This space was used most often as a general store. In 1912 for a time it became Jed Page's variety 'racket' store.
A primitive cellar has been discovered in the northwest corner. Presently it is not open for viewing. Accessible through a trap-door, it is a simple 14 x 17 foot excavation. It is presumed builder-Mascho intended to have adequate protection should another cyclone strike. After the 1897 storm, Chandler buildings were constructed of extra-thick walls in hopes of avoiding repeated destruction.
During restoration work, a large, connecting arched doorway was discovered which is now returned to an ample-sized attractive opening, between the two buildings. It had been sealed and forgotten.
The arch is similar to those constructed across the building facade. Called 'working arches', the hand- cut sandstones are placed so they support each other and the weight above. Air circulated through the interior storerooms through transom windows in the arches which swung open inward with the pull of a chain.
At the far rear of this room, an office, workroom and fireproof cement storage vault have been constructed.
North Gallery, Front
This area was also used for commercial ventures, built in 1898 by Macho as almost a twin to his first. It was long known as 'Murphy's Meat Market' in the early part of this century. J. F. Murphy was well- known for his genial nature and horseshoe pitching skill. Note the 'No Loafing' sign he left beside the stairway wall. The stairwell area originally featured an early elevator.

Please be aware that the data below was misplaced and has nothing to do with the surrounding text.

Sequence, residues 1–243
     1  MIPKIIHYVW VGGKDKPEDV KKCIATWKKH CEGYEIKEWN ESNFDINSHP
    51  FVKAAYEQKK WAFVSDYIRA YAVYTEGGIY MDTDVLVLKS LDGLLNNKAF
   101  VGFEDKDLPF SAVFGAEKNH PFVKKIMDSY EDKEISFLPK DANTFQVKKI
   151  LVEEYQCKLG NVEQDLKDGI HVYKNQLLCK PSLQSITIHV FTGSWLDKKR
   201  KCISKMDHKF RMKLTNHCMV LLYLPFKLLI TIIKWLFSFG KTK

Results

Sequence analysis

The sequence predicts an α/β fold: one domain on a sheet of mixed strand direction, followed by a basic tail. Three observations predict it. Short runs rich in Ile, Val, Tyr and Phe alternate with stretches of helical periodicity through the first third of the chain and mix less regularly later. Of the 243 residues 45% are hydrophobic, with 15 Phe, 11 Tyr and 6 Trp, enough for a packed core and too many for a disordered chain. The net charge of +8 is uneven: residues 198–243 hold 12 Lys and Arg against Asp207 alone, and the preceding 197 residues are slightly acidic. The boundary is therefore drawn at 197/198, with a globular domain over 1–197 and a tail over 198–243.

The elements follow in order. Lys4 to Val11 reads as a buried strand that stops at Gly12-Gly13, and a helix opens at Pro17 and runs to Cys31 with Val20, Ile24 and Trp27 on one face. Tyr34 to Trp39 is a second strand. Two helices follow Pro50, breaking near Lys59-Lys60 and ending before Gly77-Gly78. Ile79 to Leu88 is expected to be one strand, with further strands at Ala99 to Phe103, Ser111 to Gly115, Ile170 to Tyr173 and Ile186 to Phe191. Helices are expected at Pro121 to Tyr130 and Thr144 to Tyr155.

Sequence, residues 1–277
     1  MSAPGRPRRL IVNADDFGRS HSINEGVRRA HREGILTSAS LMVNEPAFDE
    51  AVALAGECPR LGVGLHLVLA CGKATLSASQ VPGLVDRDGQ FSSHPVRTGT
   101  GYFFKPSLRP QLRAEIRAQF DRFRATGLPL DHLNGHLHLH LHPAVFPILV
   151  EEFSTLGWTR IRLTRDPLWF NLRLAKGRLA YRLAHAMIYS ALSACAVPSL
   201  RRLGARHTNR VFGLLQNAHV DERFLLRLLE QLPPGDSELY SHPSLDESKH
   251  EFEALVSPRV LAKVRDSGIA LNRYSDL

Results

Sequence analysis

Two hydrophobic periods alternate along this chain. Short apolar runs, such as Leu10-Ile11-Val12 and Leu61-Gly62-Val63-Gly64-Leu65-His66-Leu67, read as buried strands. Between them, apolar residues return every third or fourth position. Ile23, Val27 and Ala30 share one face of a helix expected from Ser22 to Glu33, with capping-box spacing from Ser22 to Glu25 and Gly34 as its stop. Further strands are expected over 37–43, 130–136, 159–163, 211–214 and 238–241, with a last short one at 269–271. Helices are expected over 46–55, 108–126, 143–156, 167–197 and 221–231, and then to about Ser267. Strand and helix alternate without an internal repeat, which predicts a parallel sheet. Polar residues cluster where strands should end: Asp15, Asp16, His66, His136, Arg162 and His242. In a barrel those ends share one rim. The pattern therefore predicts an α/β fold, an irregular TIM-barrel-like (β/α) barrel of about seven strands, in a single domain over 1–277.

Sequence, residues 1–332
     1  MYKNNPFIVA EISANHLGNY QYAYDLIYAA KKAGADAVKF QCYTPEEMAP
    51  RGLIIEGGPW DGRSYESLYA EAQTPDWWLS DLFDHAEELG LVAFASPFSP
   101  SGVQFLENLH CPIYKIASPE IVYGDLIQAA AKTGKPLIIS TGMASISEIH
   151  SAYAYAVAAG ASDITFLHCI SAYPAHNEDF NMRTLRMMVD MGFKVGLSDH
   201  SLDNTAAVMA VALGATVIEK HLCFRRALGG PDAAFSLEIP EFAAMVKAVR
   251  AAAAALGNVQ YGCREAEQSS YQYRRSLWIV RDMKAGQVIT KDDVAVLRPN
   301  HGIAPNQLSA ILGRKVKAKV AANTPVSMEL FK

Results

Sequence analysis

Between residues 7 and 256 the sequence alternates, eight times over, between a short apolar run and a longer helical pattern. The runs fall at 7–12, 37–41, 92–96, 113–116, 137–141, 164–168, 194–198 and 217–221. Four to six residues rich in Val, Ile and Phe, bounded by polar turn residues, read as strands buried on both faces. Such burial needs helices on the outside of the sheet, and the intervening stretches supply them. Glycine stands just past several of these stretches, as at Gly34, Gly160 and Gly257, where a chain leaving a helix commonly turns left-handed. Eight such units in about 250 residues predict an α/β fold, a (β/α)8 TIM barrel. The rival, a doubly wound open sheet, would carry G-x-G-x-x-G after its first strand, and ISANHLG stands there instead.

This gallery features rotating exhibits and provides space for traveling or visiting exhibits. Two west corners of the room feature permanent exhibits.
On the north wall hang five acrylic mural-like paintings by Fred Olds, Guthrie artist and sculptor. They are gifts of Col. and Mrs. John Embry. They depict area history in the following sequence:
1. Arrival Indians;
Tilghman, Kent Exhibit
Famed Deputy U.S. Marshal, Bill Tilghman was a county homesteader, sheriff, state senator, Chandler town marshal and known for his long career of Oklahoma law enforcement He traveled the country with a movie he made in partnership with Benny Kent, 'The Passing of the Oklahoma Outlaw'.
Benny Kent is known for his contributions to early photography, both in stills, stereoptican views and movies. He has provided documentation for many county scenes as well across Oklahoma and the 101 Ranch. He was an English Jeweler who settled in Chandler before 1900.
Printing, Publishing Exhibit
Lincoln County was without connection to the outside world by railroads, or telephone during its first years of settlement Communication was by word of mouth, mall delivered by stagecoach, and newspapers.
The first to be published was the 'The Chandler News' at the county seat. The printing and publishing exhibit feature a Linotype type-setting machine although first type was set by hand. Also featured is a hand operated press which printed 'Boomer' leaflets promoting opening of Oklahoma. County newspapers have numbered some 49 different newspapers or titles and mergers.
North Gallery, Rear